Most people in the world can't digest milk without diarrhea, discomfort, or gas. Usually, this is caused by lactose intolerance–an intolerance to the sugar that's in milk. Please note, if dairy makes you break out into a rash or vomit, you may be allergic to milk and not lactose intolerant.

What causes lactose intolerance?

At birth, it is important for babies to digest the lactose in breastmilk. As a result, every child has lactase enzymes which break down lactose. Lactose intolerance occurs when the lactase enzyme gradually fades away. By age 7 or 8, the lactase enzyme could stop working completely.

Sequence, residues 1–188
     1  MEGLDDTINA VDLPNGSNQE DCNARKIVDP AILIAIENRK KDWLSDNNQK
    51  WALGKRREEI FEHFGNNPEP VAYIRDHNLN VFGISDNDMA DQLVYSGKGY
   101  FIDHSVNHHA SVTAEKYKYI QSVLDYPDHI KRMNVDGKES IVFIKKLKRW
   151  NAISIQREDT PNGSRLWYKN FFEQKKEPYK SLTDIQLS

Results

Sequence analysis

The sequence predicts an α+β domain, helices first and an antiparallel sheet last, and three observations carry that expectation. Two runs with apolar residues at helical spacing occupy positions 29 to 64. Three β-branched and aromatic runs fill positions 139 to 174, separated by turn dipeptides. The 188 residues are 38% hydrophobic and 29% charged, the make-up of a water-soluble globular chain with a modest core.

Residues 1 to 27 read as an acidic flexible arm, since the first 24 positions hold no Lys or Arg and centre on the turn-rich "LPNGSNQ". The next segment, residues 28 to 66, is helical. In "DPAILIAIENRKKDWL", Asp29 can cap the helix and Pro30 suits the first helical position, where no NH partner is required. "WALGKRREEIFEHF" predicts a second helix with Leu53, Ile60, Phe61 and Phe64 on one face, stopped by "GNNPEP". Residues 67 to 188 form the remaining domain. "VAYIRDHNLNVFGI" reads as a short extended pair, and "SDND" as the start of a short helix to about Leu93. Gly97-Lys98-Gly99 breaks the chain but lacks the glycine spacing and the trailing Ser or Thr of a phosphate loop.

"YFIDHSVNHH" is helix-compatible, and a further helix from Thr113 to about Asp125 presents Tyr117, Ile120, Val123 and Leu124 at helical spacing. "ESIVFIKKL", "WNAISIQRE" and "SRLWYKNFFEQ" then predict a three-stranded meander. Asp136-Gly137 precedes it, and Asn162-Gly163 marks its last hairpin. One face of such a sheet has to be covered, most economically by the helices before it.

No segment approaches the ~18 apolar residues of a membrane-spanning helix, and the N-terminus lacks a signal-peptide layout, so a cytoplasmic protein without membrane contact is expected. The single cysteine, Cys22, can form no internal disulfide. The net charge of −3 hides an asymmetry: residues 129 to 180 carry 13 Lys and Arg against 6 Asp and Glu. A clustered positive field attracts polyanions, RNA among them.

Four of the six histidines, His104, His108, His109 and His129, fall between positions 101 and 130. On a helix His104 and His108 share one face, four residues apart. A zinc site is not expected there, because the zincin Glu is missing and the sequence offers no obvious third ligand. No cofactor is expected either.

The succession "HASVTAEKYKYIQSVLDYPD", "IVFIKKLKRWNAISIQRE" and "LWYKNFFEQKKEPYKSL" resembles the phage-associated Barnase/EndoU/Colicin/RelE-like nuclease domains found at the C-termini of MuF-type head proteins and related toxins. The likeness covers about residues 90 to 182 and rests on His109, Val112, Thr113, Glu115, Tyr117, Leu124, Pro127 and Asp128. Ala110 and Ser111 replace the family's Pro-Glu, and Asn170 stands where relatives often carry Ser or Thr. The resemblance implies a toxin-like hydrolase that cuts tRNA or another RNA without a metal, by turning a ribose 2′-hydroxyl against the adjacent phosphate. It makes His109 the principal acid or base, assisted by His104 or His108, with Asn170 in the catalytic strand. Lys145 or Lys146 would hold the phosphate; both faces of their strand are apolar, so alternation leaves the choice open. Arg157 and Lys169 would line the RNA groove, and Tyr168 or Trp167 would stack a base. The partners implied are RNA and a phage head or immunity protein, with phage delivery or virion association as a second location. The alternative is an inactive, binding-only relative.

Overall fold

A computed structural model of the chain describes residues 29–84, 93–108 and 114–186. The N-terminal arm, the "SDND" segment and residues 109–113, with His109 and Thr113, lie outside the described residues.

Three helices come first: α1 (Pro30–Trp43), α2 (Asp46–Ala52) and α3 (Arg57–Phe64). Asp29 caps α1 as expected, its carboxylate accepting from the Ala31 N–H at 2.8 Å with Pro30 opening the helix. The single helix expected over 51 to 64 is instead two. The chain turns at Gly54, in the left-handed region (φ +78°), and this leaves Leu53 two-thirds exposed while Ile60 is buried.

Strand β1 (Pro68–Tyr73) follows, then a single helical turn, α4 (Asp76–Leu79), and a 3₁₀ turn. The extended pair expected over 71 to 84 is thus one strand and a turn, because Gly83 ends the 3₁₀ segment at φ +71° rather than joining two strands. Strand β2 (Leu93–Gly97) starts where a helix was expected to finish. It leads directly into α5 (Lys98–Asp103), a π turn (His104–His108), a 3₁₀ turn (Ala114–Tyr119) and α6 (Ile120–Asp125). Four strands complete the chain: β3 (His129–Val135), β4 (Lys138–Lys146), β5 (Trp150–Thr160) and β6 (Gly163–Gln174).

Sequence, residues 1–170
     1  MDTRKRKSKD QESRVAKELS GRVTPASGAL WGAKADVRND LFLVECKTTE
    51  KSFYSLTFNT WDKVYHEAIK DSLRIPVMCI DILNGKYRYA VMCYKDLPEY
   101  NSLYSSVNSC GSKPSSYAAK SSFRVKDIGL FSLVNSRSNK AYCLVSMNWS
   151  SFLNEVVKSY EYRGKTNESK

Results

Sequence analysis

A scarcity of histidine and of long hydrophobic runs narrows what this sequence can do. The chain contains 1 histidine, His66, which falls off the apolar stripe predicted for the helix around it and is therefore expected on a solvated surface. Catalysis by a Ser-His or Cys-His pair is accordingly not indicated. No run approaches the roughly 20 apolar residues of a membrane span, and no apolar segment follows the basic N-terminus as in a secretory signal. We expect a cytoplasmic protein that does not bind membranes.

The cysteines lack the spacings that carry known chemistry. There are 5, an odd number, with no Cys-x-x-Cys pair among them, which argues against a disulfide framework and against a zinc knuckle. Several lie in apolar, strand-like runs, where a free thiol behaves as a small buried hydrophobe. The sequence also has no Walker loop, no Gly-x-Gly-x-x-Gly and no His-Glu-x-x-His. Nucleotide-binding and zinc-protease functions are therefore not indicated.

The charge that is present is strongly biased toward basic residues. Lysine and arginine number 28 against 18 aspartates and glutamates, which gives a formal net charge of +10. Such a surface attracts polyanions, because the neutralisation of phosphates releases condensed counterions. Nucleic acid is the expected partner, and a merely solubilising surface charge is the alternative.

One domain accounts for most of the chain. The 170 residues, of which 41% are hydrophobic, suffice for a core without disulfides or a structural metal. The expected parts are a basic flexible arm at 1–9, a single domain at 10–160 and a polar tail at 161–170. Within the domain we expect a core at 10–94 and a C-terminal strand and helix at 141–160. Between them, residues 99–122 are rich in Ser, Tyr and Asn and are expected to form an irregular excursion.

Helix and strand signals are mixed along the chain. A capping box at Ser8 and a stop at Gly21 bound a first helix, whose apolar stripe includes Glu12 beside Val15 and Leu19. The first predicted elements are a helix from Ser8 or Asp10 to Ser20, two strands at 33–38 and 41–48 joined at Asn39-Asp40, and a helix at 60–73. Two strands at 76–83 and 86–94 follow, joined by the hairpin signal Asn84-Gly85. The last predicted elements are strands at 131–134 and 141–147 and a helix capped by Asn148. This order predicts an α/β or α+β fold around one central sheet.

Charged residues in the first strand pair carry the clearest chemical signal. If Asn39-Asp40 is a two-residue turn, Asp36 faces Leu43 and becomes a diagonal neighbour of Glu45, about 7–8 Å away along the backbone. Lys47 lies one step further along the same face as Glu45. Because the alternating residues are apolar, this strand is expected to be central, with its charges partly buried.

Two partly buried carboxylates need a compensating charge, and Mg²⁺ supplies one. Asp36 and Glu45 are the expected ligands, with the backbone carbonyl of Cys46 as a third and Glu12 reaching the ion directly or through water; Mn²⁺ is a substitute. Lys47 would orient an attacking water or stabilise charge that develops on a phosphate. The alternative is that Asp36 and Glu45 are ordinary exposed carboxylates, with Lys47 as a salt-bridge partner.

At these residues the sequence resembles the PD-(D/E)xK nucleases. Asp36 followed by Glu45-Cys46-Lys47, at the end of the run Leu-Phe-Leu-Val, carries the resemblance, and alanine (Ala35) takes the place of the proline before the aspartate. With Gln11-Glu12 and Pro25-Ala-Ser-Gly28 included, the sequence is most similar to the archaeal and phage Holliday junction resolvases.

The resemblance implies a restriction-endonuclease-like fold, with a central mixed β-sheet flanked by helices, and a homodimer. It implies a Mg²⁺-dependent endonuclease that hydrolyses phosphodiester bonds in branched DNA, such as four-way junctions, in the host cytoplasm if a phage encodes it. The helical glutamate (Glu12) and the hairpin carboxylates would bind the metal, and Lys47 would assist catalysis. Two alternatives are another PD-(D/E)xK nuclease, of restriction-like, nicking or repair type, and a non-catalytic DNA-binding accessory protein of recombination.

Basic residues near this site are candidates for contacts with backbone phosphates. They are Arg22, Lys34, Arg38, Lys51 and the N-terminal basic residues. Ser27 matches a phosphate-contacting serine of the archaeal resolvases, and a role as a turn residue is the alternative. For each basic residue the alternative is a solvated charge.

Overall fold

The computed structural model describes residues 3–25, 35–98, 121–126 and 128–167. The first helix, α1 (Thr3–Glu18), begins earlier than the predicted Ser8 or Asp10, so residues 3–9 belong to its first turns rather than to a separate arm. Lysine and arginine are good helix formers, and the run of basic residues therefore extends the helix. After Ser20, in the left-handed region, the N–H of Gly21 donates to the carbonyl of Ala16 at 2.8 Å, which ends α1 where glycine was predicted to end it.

Why are some people lactose intolerant, and others are not?

Lactose intolerance is hereditary. For example, if you are lactose intolerant, usually one, or both of your parents are too. Furthermore, lactose intolerance usually affects people of certain heritages, such as African, Asian, Mediterranean, Central and South American.

Lactose intolerance in IBD

In IBD, damage to the upper part of the small intestine can tempoararily inactivate the lactase enzyme. Consequently, some people will become lactose intolerant when they develop IBD. However, after intestines heal, the lactase enzyme can function again. Unfortunately, for some, the intolerance may remain, or there may be others that aren't recognized yet.

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